The Fed's quarterly Senior Loan Officer Opinion Survey indicates that banks were pulling back on lending even before the recent failure of several banks. Given worries about potential outflows of deposits, lenders are likely to become even more cautious. Regional banks are the major lenders to small- and medium-sized businesses as well as to the commercial real estate sector.
Credit tightening has been less evident in the corporate bond market, where yield spreads versus Treasuries are holding near long-term averages. However, in the private credit markets, there are reports of significant tightening in the availability of capital. These loans are often short-term with floating rates, resulting in sharply higher refinancing costs.
3. Debt ceiling debate. Finally, the standoff between Congress and the White House over raising the debt ceiling is likely to increase volatility in financial markets and may result in slower economic growth. While our base case is not for a default on the U.S. debt, even the threat of it is elevating volatility in the financial markets.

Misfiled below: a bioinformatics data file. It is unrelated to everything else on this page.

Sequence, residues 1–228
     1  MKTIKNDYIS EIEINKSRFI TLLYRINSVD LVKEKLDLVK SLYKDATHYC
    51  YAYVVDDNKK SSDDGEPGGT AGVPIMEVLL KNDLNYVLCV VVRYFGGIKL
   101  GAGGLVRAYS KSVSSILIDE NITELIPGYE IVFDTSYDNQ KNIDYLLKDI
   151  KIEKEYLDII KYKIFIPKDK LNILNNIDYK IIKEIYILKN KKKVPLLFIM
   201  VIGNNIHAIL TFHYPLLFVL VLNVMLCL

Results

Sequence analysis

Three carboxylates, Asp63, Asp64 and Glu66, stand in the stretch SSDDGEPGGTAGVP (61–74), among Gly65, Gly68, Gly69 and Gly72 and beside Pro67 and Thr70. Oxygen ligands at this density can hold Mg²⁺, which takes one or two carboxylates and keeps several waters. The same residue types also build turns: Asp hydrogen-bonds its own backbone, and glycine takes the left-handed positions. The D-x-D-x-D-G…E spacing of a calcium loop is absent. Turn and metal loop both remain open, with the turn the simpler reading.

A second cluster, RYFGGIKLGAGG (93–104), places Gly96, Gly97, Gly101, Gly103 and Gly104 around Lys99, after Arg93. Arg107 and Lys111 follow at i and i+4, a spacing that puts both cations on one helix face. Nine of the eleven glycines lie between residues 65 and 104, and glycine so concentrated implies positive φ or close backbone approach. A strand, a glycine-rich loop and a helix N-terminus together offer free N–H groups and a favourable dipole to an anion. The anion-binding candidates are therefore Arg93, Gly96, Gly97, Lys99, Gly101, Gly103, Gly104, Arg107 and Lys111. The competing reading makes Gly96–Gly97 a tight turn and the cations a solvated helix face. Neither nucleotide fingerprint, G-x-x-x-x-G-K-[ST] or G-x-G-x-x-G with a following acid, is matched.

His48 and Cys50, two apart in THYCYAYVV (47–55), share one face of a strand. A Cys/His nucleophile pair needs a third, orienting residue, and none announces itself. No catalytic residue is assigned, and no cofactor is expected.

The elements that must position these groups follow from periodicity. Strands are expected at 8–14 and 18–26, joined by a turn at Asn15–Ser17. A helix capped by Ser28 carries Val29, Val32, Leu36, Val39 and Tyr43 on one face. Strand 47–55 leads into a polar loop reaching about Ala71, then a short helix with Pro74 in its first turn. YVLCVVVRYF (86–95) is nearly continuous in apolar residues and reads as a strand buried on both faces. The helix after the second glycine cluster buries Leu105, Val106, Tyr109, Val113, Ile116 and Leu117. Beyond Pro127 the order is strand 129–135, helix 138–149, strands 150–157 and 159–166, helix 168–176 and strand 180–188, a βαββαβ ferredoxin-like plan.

Yields for short-term Treasuries maturing in the next few months are elevated compared to those maturing in the third quarter, as investors shy away from the risk that the interest on T-bills could be deferred. The standoff has heightened the uncertainty about the economy. A default would risk sending short-term yields higher, while risk assets and the dollar would likely fall. This is the scenario that played out in the 2011 debt ceiling fight, which resulted in the U.S. federal government credit rating being downgraded by several rating agencies, including Standard & Poor's, to below AAA for the first time ever.